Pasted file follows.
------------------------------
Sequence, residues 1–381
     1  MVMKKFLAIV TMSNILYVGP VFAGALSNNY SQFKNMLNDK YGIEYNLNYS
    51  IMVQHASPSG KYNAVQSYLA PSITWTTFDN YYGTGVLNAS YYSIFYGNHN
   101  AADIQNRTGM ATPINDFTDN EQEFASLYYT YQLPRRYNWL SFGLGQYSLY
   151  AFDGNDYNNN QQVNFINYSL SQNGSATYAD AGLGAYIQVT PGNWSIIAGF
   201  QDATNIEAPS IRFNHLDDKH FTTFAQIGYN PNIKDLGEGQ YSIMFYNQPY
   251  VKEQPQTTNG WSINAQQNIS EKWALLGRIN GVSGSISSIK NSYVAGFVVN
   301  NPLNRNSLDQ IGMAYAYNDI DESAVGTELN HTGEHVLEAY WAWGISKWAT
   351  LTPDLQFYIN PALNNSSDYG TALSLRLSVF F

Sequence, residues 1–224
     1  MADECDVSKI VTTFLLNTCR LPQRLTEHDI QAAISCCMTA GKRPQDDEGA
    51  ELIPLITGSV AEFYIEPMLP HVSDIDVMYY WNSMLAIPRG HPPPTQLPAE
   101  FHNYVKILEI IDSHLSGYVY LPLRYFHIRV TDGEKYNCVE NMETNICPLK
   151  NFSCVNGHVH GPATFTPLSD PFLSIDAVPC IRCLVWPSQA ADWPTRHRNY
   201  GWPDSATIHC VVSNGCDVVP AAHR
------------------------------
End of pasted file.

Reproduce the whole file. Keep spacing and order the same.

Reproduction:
Sequence, residues 1–381
     1  MVMKKFLAIV TMSNILYVGP VFAGALSNNY SQFKNMLNDK YGIEYNLNYS
    51  IMVQHASPSG KYNAVQSYLA PSITWTTFDN YYGTGVLNAS YYSIFYGNHN
   101  AADIQNRTGM ATPINDFTDN EQEFASLYYT YQLPRRYNWL SFGLGQYSLY
   151  AFDGNDYNNN QQVNFINYSL SQNGSATYAD AGLGAYIQVT PGNWSIIAGF
   201  QDATNIEAPS IRFNHLDDKH FTTFAQIGYN PNIKDLGEGQ YSIMFYNQPY
   251  VKEQPQTTNG WSINAQQNIS EKWALLGRIN GVSGSISSIK NSYVAGFVVN
   301  NPLNRNSLDQ IGMAYAYNDI DESAVGTELN HTGEHVLEAY WAWGISKWAT
   351  LTPDLQFYIN PALNNSSDYG TALSLRLSVF F

Sequence, residues 1–224
     1  MADECDVSKI VTTFLLNTCR LPQRLTEHDI QAAISCCMTA GKRPQDDEGA
    51  ELIPLITGSV AEFYIEPMLP HVSDIDVMYY WNSMLAIPRG HPPPTQLPAE
   101  FHNYVKILEI IDSHLSGYVY LPLRYFHIRV TDGEKYNCVE NMETNICPLK
   151  NFSCVNGHVH GPATFTPLSD PFLSIDAVPC IRCLVWPSQA ADWPTRHRNY
   201  GWPDSATIHC VVSNGCDVVP AAHR